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March 11th, 2019, 04:51 PM   #1
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3 = [f_p][ln(b)][b^(f_p)]/ [b^(f_p) - 1].

On Wednesday, February 8, 2017 at 12:20:05 PM UTC-5, Simon Roberts wrote:
> Result (version 5.4): (all version prior to feb 08 2017 may be wrong)
>
> (14->15) 3 = [f_p][ln(b)][b^(f_p)]/ [b^(f_p) - 1].
>
> where,
>
> (6) b = e^[48 x 10^(-12)/ T](Kelvins*sec).
>
> and,
>
f_p is the frequency of peak intensity
>
> Planck's Law for a given temperature, T.
>
> Proof.
>
> Givens.
>
> (1) B(f,T) = c_0*(f^3/(b^f - 1)) where,
>
> (2) b = e^(h/(k_b*T))
>
> (3) k_b = 1.38 x 10^(-23) Joules / Kelvin.
>
> (4) h = 6.626×10-34 Joule.sec
>
> (5) h/(k_b*T) = [48 x 10^(-12)/ T](Kelvins*sec).
>
> (6) b = e^[48 x 10^(-12)/ T](Kelvins*sec).
>
> (7) ln(b) = [48 x 10^(-12)/ T](Kelvins*sec).
>
> ( c_0 = 2*h / c^2.
>
> (9) c = 299 792 458 m / s.
>
> (10) c_0 = 2(6.626×10-34 Joule.sec/[299.792458x10^(6) m / s]^2.
>
> (10.1) c_0 = .147448 x 10^(-49) joules*sec^3/meter^2
>
> (10.2) c_0 = 14.7448 x 10^(-51) joules*sec^3/meter^2
>
> End Givens.
>
> Main section of proof.
>
> Taking the natural logarithm of B(f),
>
> (11) ln(B(f)) = ln(c_0) + 3ln(f) - ln(b^f - 1),
>
> Taking derivative of (11) w.r.t. f yields,
>
> (12) B'(f)/B(f) = 3/(f_p) - [ln(b)b^(f_p)]/ [b^(f_p) - 1].
>
> Assuming B(f) =/= 0 and f = f_p: B(f_p) is a maxima;
>
> (d/df)B(f) = B'(f_p)= 0.
>
> (12->13) 0 = 3/(f_p) - [ln(b)b^(f_p)]/ [b^(f_p) - 1].
>
> (13 -> 14) 3/(f_p) = [ln(b)b^(f_p)]/ [b^(f_p) - 1].
>
> (14->15) 3 = [f_p][ln(b)][b^(f_p)]/ [b^(f_p) - 1].
>
> where,
>
> (6) b = e^[48 x 10^(-12)/ T](Kelvins*sec).
>
> and,
>
f_p is the frequency of peak intensity of Planck's Law,

for a given temperature T.

Simon C. Robert
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March 17th, 2019, 05:01 PM   #2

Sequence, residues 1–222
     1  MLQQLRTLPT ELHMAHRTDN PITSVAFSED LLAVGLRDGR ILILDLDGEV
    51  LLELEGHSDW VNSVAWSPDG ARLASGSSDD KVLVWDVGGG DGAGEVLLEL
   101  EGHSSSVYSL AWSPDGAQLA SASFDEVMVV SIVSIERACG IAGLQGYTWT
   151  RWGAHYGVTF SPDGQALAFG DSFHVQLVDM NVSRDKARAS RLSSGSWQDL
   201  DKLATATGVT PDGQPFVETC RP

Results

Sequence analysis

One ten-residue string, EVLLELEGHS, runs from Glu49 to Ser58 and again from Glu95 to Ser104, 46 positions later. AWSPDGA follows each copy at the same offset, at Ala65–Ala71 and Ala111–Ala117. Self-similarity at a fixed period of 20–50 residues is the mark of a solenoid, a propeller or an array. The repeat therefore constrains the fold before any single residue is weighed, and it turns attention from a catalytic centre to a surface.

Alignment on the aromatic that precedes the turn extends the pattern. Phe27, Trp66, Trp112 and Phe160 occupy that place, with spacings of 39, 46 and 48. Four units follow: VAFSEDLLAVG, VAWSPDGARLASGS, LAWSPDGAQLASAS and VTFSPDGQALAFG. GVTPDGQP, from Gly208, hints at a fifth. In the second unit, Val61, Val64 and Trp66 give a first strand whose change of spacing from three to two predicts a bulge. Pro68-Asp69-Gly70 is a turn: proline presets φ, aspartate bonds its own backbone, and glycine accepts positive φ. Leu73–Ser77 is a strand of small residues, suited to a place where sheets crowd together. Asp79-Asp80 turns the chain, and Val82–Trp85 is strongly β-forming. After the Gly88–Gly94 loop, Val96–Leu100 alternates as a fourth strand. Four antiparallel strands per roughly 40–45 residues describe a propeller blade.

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March 17th, 2019, 06:06 PM   #3
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March 17th, 2019, 06:08 PM   #4
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March 17th, 2019, 06:29 PM   #5
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Quote:
Originally Posted by retenshun View Post
On Wednesday, February 8, 2017 at 12:20:05 PM UTC-5, Simon Roberts wrote:
> Result (version 5.4): (all version prior to feb 08 2017 may be wrong)
>
> (14->15) 3 = [f_p][ln(b)][b^(f_p)]/ [b^(f_p) - 1].
>
> where,
>
> (6) b = e^[48 x 10^(-12)/ T](Kelvins*sec).
>
> and,
>
f_p is the frequency of peak intensity
>
> Planck's Law for a given temperature, T.
>
> Proof.
>
> Givens.
>
> (1) B(f,T) = c_0*(f^3/(b^f - 1)) where,
>
> (2) b = e^(h/(k_b*T))
>
> (3) k_b = 1.38 x 10^(-23) Joules / Kelvin.
>
> (4) h = 6.626×10-34 Joule.sec
>
> (5) h/(k_b*T) = [48 x 10^(-12)/ T](Kelvins*sec).
>
> (6) b = e^[48 x 10^(-12)/ T](Kelvins*sec).
>
> (7) ln(b) = [48 x 10^(-12)/ T](Kelvins*sec).
>
> ( c_0 = 2*h / c^2.
>
> (9) c = 299 792 458 m / s.
>
> (10) c_0 = 2(6.626×10-34 Joule.sec/[299.792458x10^(6) m / s]^2.
>
> (10.1) c_0 = .147448 x 10^(-49) joules*sec^3/meter^2
>
> (10.2) c_0 = 14.7448 x 10^(-51) joules*sec^3/meter^2
>
> End Givens.
>
> Main section of proof.
>
> Taking the natural logarithm of B(f),
>
> (11) ln(B(f)) = ln(c_0) + 3ln(f) - ln(b^f - 1),
>
> Taking derivative of (11) w.r.t. f yields,
>
> (12) B'(f)/B(f) = 3/(f_p) - [ln(b)b^(f_p)]/ [b^(f_p) - 1].
>
> Assuming B(f) =/= 0 and f = f_p: B(f_p) is a maxima;
>
> (d/df)B(f) = B'(f_p)= 0.
>
> (12->13) 0 = 3/(f_p) - [ln(b)b^(f_p)]/ [b^(f_p) - 1].
>
> (13 -> 14) 3/(f_p) = [ln(b)b^(f_p)]/ [b^(f_p) - 1].
>
> (14->15) 3 = [f_p][ln(b)][b^(f_p)]/ [b^(f_p) - 1].
>
> where,
>
> (6) b = e^[48 x 10^(-12)/ T](Kelvins*sec).
>
> and,
>
f_p is the frequency of peak intensity of Planck's Law,

for a given temperature T.

Simon C. Robert
What, specifically, is your question?

-Dan
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